The ultimate basis of this hypnosis is, of course, a weak nervous system, especially a weakness of the cortical cells. This weakness can issue from different causes – hereditary and acquired. We shall not concern ourselves with these causes. But naturally such a nervous system on meeting with difficulties – most frequently in the critical physiological and socialising period – after an overwhelming stimulation inevitably enters into a state of fatigue. But fatigue is one of the chief physiological impulses to the creation of the inhibitory process as a protective process. Hence chronic hypnosis, representing inhibition in various degrees of extension and tension. Thus this state is, on the one hand, pathological, as it deprives the patient of his normal activity; on the other hand it is in its mechanism physiological, a physiological measure because it conserves the cortical cells against a threatening destruction consequent to an overwhelming task. We now have in the laboratory an amazing example of continued inhibition restoring the weak cortical cells for a certain period to normal activity. There is good reason to think that while the inhibitory process is acting the cortical cells remain uninjured; for they may return to a completely normal condition, they may recover from an extreme exhaustion. This according to contemporary terminology is only a functional illness. That this is actually so is confirmed by the following facts: Certain forms of schizophrenia, particularly hebephrenia and catatonia, i.e., forms having a hypnotic character, according to Kraepelin, one of the greatest psychiatric authorities, result in a fair percentage of complete recoveries (catatonia to 15%), which is not true in certain other forms, particularly paranoia.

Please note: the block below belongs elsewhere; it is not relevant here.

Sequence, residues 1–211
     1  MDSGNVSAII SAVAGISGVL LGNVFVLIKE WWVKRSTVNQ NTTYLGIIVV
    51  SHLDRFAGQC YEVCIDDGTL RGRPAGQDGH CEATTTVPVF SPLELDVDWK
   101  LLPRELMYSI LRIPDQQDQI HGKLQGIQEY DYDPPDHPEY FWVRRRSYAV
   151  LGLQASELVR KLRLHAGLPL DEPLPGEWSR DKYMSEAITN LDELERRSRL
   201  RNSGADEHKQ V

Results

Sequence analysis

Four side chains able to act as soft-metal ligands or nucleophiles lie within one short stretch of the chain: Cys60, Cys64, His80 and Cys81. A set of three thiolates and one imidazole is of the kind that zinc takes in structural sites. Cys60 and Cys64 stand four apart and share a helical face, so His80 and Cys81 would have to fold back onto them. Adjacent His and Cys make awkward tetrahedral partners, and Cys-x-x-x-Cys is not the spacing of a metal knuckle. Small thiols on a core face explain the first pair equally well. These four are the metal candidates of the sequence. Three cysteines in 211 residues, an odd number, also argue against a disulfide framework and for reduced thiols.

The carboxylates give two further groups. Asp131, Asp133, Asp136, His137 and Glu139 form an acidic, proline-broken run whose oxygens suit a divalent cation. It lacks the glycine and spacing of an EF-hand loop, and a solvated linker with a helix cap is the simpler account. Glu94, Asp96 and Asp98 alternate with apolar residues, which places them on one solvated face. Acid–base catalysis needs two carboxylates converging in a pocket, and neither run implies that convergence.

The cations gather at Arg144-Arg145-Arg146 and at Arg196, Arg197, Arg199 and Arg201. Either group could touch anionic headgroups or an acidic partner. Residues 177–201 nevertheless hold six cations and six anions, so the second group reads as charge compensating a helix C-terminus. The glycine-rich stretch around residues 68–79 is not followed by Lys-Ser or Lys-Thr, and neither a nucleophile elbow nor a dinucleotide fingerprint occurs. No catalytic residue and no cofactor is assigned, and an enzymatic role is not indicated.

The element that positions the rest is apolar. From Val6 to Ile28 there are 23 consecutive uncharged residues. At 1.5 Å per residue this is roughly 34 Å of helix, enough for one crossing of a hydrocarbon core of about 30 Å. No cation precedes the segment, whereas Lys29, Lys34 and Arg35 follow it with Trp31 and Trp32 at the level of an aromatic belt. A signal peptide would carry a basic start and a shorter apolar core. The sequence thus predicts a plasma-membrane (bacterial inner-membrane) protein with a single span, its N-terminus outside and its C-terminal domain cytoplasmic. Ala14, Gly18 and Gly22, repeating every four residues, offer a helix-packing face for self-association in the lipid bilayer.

In conclusion allow me to make a therapeutic suggestion, hardly altogether sentimental and yet not professional. Although there has been no revolutionary progress in the treatment of the mentally ill from ancient times until our own, we have, I think, nothing to regret. The majority of the patients still retaining consciousness to a certain degree can sustain on the one hand violent stimulations in the form of crises and extraordinary scenes, and on the other hand as direct force, but it is necessary to consider as useless an added threat to the weak cortical cells. Consequently we should as soon as possible think of such mentally ill as we do of other suffering patients, whose feelings of human dignity are not so severely tried.

Ivan Petrovitch Pavlov, Lectures on Conditioned Reflexes, Volume II: Conditioned Reflexes and Psychiatry, translated and edited by W. Horsley Gantt, Lawrence & Wishart Ltd., London 1941.